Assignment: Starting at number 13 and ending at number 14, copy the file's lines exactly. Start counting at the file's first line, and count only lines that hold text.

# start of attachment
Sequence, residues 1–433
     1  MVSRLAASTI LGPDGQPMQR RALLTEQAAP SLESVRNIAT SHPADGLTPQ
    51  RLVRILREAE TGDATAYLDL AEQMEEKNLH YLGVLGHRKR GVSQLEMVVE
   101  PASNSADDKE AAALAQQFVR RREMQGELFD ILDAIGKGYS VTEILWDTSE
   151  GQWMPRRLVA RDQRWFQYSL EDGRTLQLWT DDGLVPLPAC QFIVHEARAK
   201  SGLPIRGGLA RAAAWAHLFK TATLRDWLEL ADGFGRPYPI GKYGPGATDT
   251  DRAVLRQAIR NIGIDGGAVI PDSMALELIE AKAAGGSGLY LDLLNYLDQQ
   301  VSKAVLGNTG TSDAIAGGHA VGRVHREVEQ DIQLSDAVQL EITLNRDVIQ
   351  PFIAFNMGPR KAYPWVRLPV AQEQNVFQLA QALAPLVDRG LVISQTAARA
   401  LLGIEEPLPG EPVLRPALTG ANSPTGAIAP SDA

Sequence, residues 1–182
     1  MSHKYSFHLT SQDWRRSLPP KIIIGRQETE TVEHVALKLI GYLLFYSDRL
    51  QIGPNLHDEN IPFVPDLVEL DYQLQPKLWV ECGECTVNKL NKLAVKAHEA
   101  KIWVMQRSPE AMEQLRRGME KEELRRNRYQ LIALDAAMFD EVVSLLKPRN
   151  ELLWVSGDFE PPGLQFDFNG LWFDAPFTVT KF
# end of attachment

    51  QIGPNLHDEN IPFVPDLVEL DYQLQPKLWV ECGECTVNKL NKLAVKAHEA
   101  KIWVMQRSPE AMEQLRRGME KEELRRNRYQ LIALDAAMFD EVVSLLKPRN